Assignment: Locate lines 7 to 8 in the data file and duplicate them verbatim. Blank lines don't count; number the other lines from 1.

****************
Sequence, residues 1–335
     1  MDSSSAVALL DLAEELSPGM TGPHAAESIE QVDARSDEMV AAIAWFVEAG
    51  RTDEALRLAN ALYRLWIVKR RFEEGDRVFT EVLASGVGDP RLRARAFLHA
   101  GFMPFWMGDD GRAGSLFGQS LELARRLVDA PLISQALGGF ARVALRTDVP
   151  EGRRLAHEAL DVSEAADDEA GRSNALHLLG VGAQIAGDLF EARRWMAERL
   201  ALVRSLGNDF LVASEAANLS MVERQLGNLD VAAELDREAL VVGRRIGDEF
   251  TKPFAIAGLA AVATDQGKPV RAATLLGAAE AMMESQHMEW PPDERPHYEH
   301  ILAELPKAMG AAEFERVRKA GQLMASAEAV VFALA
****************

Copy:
   251  TKPFAIAGLA AVATDQGKPV RAATLLGAAE AMMESQHMEW PPDERPHYEH
   301  ILAELPKAMG AAEFERVRKA GQLMASAEAV VFALA